Context: Thus, we provide an objective and reliable approach to measure object distinguishability in a given histological image and to maximize visual information available to a human observer. This method could easily be incorporated in digital pathology image viewing systems to improve accuracy and efficiency in research and diagnostics.

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Related in: MedlinePlus

Foreground-background contrast in phantom images can be markedly increased by applying a new color map.A-F) A phantom image was colored in one of six bivariate color maps, the panel title indicate the hexadecimal codes of the foreground and background color (F represents a typical blue—brown standard color map while A-E represent new color combinations). G) 225 combinations of 15 distinct colors were pairwisely compared. The grayscale intensity and overlayed number indicate the perceptual contrast of phantom images that were digitally stained with the respective color map (numbers: mean ± standard deviation). All measurements were normalized to the maximum contrast. Reading example: The standard brown (#B58C70) on blue (#5C5FA1) color map resulted in a perceptual contrast that was 39% ± 7% of the maximally achieved contrast.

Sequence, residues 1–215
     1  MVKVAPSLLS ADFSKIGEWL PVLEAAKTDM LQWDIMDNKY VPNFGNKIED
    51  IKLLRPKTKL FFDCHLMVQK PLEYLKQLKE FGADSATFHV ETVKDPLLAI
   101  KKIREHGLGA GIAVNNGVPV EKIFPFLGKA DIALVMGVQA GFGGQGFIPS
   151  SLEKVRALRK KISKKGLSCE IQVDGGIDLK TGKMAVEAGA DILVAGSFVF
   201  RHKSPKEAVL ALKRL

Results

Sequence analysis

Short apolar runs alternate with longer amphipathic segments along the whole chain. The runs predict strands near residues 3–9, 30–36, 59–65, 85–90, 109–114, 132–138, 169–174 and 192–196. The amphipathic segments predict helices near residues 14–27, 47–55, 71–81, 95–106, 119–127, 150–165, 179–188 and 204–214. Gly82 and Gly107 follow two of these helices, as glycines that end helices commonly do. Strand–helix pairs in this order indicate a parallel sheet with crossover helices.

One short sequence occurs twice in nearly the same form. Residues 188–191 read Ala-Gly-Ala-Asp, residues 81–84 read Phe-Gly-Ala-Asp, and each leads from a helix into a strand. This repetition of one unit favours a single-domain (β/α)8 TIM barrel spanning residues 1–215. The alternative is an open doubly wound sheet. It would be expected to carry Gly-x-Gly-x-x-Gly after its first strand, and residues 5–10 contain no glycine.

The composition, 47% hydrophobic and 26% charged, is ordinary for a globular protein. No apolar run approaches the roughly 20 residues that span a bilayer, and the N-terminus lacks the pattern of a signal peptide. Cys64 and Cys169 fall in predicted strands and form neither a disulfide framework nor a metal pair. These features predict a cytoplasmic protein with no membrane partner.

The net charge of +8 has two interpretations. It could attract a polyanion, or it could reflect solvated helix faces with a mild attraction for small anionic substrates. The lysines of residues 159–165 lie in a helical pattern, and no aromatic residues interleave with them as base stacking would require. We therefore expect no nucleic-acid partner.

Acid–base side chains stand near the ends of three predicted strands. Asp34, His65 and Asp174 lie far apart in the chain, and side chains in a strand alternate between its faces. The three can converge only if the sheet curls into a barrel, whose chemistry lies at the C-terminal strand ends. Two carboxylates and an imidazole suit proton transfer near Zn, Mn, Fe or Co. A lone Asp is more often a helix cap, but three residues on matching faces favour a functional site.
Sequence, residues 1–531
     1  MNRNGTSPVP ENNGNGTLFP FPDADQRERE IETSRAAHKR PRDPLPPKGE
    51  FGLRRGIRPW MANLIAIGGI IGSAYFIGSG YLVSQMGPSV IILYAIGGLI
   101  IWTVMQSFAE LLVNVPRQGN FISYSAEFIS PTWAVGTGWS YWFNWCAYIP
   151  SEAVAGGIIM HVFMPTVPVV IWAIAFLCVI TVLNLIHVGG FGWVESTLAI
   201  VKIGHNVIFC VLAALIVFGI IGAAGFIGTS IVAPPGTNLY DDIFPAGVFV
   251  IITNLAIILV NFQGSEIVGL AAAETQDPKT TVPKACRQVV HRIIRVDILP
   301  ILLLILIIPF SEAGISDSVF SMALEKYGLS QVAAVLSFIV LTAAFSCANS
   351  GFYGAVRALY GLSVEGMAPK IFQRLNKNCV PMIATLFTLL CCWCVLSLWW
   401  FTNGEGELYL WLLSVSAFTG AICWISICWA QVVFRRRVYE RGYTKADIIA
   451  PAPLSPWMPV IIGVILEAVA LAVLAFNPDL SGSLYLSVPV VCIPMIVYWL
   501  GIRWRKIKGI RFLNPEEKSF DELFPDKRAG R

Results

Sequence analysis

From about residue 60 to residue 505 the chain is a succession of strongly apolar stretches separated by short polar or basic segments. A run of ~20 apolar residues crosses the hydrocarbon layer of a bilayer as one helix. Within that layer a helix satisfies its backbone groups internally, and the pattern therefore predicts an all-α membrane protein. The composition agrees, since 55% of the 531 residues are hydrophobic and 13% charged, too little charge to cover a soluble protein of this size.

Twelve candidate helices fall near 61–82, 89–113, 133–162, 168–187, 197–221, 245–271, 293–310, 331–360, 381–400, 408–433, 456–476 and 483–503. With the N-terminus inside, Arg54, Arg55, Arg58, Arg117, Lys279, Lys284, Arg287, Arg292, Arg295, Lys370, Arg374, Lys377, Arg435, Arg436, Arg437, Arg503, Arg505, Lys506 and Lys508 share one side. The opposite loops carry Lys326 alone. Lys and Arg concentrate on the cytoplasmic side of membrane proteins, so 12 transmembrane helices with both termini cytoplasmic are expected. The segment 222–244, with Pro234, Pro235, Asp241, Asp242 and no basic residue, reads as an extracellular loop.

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pone.0145572.g004: Foreground-background contrast in phantom images can be markedly increased by applying a new color map.A-F) A phantom image was colored in one of six bivariate color maps, the panel title indicate the hexadecimal codes of the foreground and background color (F represents a typical blue—brown standard color map while A-E represent new color combinations). G) 225 combinations of 15 distinct colors were pairwisely compared. The grayscale intensity and overlayed number indicate the perceptual contrast of phantom images that were digitally stained with the respective color map (numbers: mean ± standard deviation). All measurements were normalized to the maximum contrast. Reading example: The standard brown (#B58C70) on blue (#5C5FA1) color map resulted in a perceptual contrast that was 39% ± 7% of the maximally achieved contrast.

Mentions: In this figure, bivariate color maps are compared to the full sRGB gamut in CIELAB color space. A) Original color map extracted from the sample image. B) Set of 5 optimized color maps in the same view (color maps from Fig 4A–4E). It can be seen that the improved color maps occupy a larger part of the perceivable color space, maximizing visually transmittable information.